Riverside’s 100 percent focused on a fantastic 50th season


It’s coming back. After that nasty virus interrupted two consecutive seasons, Riverside Theatre has a meaningful and rousing season planned, and just in time to celebrate its 50th anniversary.

“I think everybody wants to get back into the rhythm of things,” said Allen D. Cornell, Riverside’s producing artistic director and CEO. “We’re part of that for a lot of people.”

Yes, there’s a lot of excitement right now at Riverside. But, nevertheless, there is also a tinge of “cross your fingers” worry. Cornell says the theater is “still trying to navigate the way through this.”

To do so, they have implemented a smart strategy to keep the “curtain” up by stretching out the season.

As a result of its remarkable growth over the past five decades, Riverside is now a very busy theater. Pre-pandemic, there might have been one show being performed on the 692-seat Stark Stage while another was in rehearsal. Sometimes there might even be a third cast in rehearsal or in performance in the 250-seat Waxlax Stage.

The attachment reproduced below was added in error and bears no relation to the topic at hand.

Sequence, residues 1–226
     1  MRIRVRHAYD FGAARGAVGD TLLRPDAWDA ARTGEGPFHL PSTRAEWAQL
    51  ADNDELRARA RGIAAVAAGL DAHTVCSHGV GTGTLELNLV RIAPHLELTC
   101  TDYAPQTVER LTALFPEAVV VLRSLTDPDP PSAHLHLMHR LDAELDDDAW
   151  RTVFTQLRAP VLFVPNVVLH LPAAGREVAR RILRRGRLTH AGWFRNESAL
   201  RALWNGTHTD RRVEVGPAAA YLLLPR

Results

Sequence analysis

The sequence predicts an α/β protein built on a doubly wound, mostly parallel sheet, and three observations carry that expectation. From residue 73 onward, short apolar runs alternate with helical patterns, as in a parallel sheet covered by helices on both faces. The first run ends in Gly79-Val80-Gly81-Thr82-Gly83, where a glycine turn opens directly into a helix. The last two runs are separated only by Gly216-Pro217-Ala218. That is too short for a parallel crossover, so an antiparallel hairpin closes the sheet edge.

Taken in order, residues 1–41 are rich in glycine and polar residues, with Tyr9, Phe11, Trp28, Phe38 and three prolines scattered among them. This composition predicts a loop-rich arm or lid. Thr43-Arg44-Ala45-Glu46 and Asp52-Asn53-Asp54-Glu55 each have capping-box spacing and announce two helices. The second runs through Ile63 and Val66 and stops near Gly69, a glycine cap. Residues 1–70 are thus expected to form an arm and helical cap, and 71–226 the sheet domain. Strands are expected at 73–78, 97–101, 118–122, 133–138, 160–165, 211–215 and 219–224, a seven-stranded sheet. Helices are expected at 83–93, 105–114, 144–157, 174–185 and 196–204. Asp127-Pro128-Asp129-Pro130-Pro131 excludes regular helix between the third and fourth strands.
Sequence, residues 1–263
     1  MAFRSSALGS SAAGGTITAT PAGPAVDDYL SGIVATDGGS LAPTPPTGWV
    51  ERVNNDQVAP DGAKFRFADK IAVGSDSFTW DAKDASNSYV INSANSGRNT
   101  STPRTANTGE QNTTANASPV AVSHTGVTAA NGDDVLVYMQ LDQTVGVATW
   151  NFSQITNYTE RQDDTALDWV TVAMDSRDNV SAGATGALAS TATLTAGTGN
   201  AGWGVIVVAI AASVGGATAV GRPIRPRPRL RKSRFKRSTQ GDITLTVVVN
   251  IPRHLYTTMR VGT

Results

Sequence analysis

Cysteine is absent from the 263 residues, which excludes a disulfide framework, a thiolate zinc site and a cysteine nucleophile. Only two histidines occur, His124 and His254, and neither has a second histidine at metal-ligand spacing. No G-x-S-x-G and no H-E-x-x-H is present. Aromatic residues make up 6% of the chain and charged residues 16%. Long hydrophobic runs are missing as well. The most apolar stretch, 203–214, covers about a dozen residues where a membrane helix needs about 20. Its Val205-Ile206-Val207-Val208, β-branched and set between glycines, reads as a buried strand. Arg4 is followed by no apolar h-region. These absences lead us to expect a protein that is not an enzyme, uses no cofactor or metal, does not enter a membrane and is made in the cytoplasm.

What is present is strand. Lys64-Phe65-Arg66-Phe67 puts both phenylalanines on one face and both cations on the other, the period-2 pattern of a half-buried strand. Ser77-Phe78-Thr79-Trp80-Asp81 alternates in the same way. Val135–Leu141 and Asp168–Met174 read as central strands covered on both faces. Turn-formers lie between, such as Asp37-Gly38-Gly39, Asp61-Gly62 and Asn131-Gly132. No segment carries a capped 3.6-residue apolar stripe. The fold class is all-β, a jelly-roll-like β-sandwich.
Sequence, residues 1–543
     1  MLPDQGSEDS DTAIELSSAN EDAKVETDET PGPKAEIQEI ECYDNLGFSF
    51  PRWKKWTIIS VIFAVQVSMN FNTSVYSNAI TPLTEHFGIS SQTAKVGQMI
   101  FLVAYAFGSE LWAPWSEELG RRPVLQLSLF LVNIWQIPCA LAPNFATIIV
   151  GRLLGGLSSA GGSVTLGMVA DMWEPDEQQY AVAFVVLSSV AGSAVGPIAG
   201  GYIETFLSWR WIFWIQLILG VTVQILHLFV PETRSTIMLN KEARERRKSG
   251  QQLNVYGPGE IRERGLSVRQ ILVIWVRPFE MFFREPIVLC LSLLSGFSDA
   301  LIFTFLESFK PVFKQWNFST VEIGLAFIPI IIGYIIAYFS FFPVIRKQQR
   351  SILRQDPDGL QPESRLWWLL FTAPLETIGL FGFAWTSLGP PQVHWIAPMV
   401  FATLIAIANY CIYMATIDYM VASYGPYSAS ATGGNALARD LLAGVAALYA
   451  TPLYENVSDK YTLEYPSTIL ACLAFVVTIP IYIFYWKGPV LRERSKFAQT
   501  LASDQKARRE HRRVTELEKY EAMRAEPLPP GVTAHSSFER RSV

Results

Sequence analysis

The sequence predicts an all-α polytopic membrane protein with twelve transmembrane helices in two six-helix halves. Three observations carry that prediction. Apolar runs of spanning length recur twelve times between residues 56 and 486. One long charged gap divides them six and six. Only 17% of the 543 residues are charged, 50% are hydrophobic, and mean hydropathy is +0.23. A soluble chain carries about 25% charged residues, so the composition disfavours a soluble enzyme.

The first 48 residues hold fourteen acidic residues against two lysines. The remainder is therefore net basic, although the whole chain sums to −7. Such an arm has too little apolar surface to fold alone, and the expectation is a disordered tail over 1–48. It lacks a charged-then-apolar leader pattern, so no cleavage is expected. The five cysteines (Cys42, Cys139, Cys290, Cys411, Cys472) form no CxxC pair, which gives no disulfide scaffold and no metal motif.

Add to that the musicians, backstage staff building scenery or working on lighting, costumers, front-of-house and administrative employees, and the list goes on. It’s no wonder that with all those people, Riverside had to twice shut its season down early due to the pandemic. It was both unprecedented and unexpected.

“It was a shock, you are stunned,” says Heidi Waxlax, president of Riverside’s board of directors.

“The first time was when we were into ‘La Cage (aux Folles)’. And that was an absolutely good show.”

The same bad news came the next season, when, Waxlax recalls, they had just opened “Carousel.”

“We were in it a week and it was a Sunday night. I got a phone call from Allen (Cornell). He said, ‘Can you come to the theater tomorrow morning?’ I knew what it was. It’s almost like someone hit you in the head. All the work that went into it, actors, costumes, scenery. Half a year and more of work.”

But unlike community theaters, which could make adjustments to stay open, Riverside had no choice but to shut down.